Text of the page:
We believe that with the resources we already have at hand we can build a learning center that is unique for its setting and for the expertise of those who are employed by GBI. The project now employs Stephen Lafer, an emeritus professor from the College of Education at the University of Nevada, Reno who has written books and articles on interdisciplinary, problem-solving based experiential education and directed several programs employing methods described here including a long running teacher institute, The Truckee River Project. He is author of the book, The Interdisciplinary Teacher’s Handbook,written with Stephen Tchudi. This project is, then, one of several attempts to move along the development of programs such as those described with methods already tested and showing to generate both enthusiasm for learning and, for this, learning that is meaningful and understandings deep. Our goal is to provide both students and teachers experiences that produce the kind of thinking that causes a being to want to learn and to learn effectively by employing thinking that produces deep and meaningful understandings. Engagement in powerful lifelong learning is our ultimate goal for those who participate in our programs. Such is necessary to guide effective decision making in one’s personal life and one’s life as a citizen of a democratic society.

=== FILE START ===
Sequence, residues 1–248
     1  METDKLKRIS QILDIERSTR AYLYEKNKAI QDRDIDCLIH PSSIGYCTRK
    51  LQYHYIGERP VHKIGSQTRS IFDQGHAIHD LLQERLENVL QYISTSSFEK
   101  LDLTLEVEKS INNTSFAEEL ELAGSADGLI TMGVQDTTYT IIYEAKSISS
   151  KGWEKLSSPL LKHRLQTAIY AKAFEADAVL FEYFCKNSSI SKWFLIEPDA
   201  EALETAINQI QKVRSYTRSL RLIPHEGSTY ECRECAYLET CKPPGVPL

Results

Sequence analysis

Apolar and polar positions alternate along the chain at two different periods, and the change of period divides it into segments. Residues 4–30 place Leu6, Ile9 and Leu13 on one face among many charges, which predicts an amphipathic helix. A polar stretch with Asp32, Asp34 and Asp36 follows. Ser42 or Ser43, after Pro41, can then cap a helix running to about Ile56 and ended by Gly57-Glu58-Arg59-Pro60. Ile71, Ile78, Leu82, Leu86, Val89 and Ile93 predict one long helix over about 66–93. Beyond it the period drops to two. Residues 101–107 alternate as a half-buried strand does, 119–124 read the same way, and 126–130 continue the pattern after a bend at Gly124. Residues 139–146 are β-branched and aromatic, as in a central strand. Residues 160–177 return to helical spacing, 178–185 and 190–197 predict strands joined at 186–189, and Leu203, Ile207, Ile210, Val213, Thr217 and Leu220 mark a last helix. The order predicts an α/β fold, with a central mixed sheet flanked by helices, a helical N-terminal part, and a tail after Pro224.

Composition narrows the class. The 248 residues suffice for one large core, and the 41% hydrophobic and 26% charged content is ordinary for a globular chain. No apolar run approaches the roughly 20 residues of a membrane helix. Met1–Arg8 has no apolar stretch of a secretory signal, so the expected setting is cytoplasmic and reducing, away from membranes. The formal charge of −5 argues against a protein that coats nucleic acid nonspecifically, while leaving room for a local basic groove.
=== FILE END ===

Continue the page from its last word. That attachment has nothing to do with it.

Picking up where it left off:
We are looking for partners to work with us to improve the quality of our programs so that they are highly effective in accomplishing what we understand to be goals critical to the health of the environment, goals that cannot be achieved and sustained without a public that is highly aware of the value of things natural and able to understand well the issues are and will be debated in the public forum concerning sensible use of natural resources and the development of sound resource management policy. We need to make our citizenry familiar with wilderness places such as the Galena Creek area so that their experiences with nature lead to appreciation of nature, its complexity, and its vulnerability.